Wall Street Goes to the Movies With Scorsese, Lavender Gelato

(Bloomberg) -- Apollo Global Management’s Gary Parr likes to eat dark chocolate at the movies. Goldman Sachs alum Steve Wisch of El Dorado Partners goes for his childhood favorite Milk Duds.

And it’s popcorn for Roy Furman, a Wall Street veteran who along with Parr and Wisch made do without their preferred snacks during Film at Lincoln Center’s 50th anniversary gala.

Wall Street Goes to the Movies With Scorsese, Lavender Gelato

What popped Monday night was the organization’s new name (dropping "Society" to sound more inclusive, said Executive Director and Raisinets fan Lesli Klainberg) and its impact on the stature of cinema in the U.S.

Wall Street Goes to the Movies With Scorsese, Lavender Gelato

Presenting film next to opera, ballet, theater and classical music was a bold move in 1969, when the art form was considered “low culture, right down at the very bottom with comic books,” Martin Scorsese said.

Wall Street Goes to the Movies With Scorsese, Lavender Gelato

Film at Lincoln Center elevated it with the mission “to promote, protect and love film as an art,” Chairwoman Ann Tenenbaum said.

Patrons got plenty of proof with dozens of iconic film clips spanning five decades, from Akira Kurosawa and Jean-Luc Godard to Frederick Wiseman and Barbara Kopple, with a request for an orgy in Paul Mazursky’s “Bob & Carol & Ted & Alice” thrown in for good measure.

There was a peek at Luis Bunuel’s “The Exterminating Angel,” which opened the first New York Film Festival in 1963, and Michael Moore’s “Roger and Me,” his first film.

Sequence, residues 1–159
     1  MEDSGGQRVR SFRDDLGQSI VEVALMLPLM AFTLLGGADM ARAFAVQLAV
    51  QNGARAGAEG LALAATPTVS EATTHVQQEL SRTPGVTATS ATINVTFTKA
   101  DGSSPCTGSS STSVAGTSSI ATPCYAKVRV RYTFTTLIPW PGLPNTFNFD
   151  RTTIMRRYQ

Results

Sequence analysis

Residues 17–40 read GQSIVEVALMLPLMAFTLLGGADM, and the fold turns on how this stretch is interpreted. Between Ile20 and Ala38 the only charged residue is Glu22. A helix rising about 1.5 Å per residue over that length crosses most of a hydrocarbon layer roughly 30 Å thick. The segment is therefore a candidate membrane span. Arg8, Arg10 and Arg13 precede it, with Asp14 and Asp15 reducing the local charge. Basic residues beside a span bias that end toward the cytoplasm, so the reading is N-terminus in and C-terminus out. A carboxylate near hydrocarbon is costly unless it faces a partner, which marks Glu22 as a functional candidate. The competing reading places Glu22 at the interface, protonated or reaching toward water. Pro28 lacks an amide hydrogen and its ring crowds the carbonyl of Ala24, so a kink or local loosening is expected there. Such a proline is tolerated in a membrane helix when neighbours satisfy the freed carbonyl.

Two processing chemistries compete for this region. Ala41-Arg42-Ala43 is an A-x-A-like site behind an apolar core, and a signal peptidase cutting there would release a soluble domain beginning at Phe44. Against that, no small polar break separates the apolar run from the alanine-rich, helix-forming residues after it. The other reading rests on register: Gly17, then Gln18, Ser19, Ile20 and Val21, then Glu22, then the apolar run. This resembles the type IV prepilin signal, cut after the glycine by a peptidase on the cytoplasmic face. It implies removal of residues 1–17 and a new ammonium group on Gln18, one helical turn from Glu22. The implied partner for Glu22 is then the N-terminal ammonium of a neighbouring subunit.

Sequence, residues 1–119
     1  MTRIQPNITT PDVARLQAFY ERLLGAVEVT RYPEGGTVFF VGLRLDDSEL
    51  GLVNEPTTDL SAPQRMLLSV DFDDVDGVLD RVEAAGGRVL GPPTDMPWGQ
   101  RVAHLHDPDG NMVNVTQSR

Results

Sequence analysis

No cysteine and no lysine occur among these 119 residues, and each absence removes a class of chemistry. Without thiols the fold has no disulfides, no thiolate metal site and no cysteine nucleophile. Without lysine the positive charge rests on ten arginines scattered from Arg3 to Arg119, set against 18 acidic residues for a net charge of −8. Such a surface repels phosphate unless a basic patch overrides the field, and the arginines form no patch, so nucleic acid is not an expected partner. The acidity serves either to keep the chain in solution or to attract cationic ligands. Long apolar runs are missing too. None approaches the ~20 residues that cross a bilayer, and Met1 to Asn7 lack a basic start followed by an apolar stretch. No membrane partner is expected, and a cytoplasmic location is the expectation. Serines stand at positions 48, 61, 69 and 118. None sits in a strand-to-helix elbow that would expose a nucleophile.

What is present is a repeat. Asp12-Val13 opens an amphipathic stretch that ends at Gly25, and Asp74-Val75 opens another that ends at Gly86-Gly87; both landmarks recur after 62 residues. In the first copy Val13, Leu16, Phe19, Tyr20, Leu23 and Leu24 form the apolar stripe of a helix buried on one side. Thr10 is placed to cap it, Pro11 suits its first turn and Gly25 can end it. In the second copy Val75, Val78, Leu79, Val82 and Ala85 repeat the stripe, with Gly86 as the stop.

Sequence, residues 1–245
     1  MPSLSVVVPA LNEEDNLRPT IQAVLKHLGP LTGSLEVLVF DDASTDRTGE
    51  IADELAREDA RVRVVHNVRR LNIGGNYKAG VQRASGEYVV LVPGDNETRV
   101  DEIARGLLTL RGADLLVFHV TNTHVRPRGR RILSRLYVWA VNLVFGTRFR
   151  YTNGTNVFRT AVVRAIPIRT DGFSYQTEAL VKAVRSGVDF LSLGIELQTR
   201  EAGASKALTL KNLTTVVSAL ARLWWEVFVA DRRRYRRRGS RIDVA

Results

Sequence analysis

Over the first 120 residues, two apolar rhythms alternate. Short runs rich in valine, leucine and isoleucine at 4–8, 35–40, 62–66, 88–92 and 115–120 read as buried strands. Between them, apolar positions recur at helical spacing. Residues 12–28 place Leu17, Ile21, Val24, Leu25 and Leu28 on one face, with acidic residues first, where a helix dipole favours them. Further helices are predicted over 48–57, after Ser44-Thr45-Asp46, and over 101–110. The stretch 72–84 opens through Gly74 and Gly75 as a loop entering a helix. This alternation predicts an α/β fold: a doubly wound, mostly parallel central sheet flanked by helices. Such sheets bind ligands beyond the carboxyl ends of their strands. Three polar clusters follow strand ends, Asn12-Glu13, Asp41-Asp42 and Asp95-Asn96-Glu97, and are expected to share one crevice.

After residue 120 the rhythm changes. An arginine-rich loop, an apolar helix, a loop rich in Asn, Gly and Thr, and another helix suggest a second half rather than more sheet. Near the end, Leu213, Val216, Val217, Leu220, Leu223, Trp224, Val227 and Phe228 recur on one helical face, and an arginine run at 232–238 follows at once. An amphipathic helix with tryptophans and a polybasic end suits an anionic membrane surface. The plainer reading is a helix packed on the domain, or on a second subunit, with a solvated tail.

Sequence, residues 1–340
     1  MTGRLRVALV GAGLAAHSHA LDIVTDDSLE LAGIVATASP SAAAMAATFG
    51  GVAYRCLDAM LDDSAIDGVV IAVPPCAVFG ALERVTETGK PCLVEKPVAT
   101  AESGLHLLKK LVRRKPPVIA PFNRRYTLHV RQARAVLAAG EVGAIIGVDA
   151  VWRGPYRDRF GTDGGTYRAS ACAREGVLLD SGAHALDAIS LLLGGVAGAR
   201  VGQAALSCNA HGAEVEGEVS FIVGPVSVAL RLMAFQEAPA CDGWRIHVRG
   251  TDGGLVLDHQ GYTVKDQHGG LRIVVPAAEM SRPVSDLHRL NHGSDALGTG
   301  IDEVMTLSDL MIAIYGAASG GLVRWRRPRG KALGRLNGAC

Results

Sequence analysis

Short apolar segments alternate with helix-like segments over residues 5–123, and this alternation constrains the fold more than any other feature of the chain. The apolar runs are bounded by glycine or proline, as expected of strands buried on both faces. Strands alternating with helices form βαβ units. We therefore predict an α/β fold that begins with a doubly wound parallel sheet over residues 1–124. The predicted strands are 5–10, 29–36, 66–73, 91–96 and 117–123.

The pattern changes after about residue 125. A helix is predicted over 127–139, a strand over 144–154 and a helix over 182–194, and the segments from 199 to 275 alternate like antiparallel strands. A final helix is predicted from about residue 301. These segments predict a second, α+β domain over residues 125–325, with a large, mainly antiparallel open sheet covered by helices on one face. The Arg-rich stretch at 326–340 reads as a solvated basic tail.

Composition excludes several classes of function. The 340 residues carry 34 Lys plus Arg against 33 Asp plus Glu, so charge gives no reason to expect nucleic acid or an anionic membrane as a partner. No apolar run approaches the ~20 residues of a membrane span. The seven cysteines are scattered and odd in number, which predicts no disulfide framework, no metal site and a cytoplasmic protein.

Through special programs and daily screenings in its theaters -- the Walter Reade opened in 1991, the Elinor Bunin Munroe Film Center in 2011 -- Film at Lincoln Center has challenged and educated audiences, and brought exposure to young, foreign and overlooked filmmakers.

“People with names you didn’t know, whose films you didn’t know, suddenly pushed out,” said Furman, a past board president.

Wall Street Goes to the Movies With Scorsese, Lavender Gelato

It didn’t always go smoothly. In the 1970s, at a free showing in a city park of a short called “Pigs,” people in the audience threw beer cans at the screen. They thought it was about the police, not actual pigs, said Joanne Koch, who headed the group for more than 32 years.

A fabulous quirk of an organization devoted to film is that no matter how cool or avant-garde its patrons and staffers, stars glam up the atmosphere.

Wall Street Goes to the Movies With Scorsese, Lavender Gelato

Directors Pedro Almodovar and Jim Jarmusch kept their sunglasses on as fans snapped photos in the lobby of Alice Tully Hall. Tilda Swinton was ethereal even as she shared the mundane detail that her family watches movies in the kitchen. Jake Gyllenhaal’s good looks got him the part of plying the audience for donations.

Cute couple Paul Dano and Zoe Kazan spoke about the “kid in the lobby” they met one cold winter night at Film at Lincoln Center, who months later showed up to see “Wildlife,” a movie they wrote together, with Dano directing. It was but one piece of evidence of the bond that forms among strangers who sit together in dark rooms to see films.

The evening closed with a well-lit dinner and live music. “Billions” actor Bryan Connerty and directors Dee Rees (“Mudbound”) and Jimmy Chin (“Free Solo”) mingled near Deven Parekh of Insight Partners, Jonah Sonnenborn of Access Industries and Lazard’s Scott Hoffman. The nourishment rose above theater concession stands with pan-seared salmon, yellow lentils and lavender gelato.

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